The Dirty Dozen & Clean Fifteen


What is the Dirty Dozen and Clean Fifteen?


This concept has been introduced by the Environmental Working Group in an attempt to test and educate consumers on which fruits and vegetables have the highest and least amount of residual pesticides. As the name suggests, the dirty dozen refers to produce with the highest amount of pesticide contamination and the clean fifteen has the least amount.


Why does this matter?


By design, pesticides are toxic, designed to disrupte the normal bodily function of pests in order to remove them from crops and increase the yield. Research has shown they are linked to various health problems including hormone disruption, cancer, and organ toxicity. Limiting exposure to these toxins has been proven beneficial.


However, most people struggle with purchasing their produce 100% organic due to price and availablilty. So, the Environmental Working Group tests various produce crops each year to determine which types of produce are best to buy organic and which types may be okay to buy conventionally. This list will allow you to make informed choices when shopping for produce and make the best decision for your family!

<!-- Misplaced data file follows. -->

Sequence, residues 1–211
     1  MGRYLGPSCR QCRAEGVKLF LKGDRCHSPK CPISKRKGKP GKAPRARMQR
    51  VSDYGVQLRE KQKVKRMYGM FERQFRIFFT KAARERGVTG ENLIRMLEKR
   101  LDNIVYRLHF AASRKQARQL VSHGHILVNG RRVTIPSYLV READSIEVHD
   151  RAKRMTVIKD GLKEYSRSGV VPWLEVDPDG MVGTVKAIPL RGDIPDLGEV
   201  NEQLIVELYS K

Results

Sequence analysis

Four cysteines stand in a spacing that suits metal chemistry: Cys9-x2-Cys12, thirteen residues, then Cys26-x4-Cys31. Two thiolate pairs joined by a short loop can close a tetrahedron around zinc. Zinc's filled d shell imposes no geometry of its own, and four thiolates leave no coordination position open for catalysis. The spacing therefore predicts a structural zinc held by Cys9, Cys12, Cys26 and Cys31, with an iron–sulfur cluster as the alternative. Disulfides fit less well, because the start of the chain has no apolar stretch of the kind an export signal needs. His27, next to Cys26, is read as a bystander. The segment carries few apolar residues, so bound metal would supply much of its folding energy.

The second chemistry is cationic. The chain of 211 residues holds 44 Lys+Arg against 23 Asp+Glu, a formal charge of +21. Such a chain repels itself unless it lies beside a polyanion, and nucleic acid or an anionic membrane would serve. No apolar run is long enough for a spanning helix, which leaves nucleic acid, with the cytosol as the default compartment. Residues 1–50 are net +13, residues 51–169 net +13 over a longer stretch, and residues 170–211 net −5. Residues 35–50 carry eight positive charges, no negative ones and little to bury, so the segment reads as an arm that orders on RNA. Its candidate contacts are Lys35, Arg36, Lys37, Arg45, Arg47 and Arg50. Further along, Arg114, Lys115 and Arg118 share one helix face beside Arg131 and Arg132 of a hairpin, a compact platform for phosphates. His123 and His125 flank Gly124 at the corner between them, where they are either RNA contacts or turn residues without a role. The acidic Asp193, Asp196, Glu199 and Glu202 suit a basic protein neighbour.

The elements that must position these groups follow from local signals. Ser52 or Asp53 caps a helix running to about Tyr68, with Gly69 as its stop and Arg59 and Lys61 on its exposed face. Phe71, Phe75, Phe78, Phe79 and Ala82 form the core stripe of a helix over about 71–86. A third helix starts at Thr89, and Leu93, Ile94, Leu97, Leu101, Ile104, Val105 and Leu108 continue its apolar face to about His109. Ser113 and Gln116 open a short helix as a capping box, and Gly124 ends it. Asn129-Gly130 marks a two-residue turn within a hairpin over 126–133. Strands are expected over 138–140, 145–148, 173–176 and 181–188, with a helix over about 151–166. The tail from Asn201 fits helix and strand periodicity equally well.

Do I need to avoid the dirty dozen?


Absolutely not! Consuming fresh foods over processed foods is always a better choice due to more nutrients available in fresh foods. Comercial processed foods also contain chemicals and toxins, especially when bought non-organic. This list is simply to inform you, educate you, and give you the tools to make informed choices when it comes to diet and nutrition. 


Why eat organic?


Non-organic, conventionally grown, foods usually cost less money. However, there are other costs associated with conventional foods that need to be considered as well. These costs can include the  demand for more from the earth than it can produce and the long-term health costs associated with ingesting chemicals. There are other political factors we could discuss including government subsidization of industrial agriculture and foreign investment in commercial agriculture that all factor in to the cost. For most people, the choice comes down to weighing the pros and cons to the potential health consequences of ingesting toxins versus the immediate cost of making the choice to purchase organic rather than conventional produce. 


There are also ways you can offset the cost of organic produce should you make that choice. Committing to cooking completely or mostly from scratch, preserving in season produce, home gardening and careful meal planning can cut down on costs tremendously. 


This is a gradual process and takes time and thought to work within each individual budget. This is where the clean fifteen and dirty dozen come into play. It gives you a tool to quickly and conveniently check which produce items have the highest and least levels of residual pesticides.


Find more information from the EWG here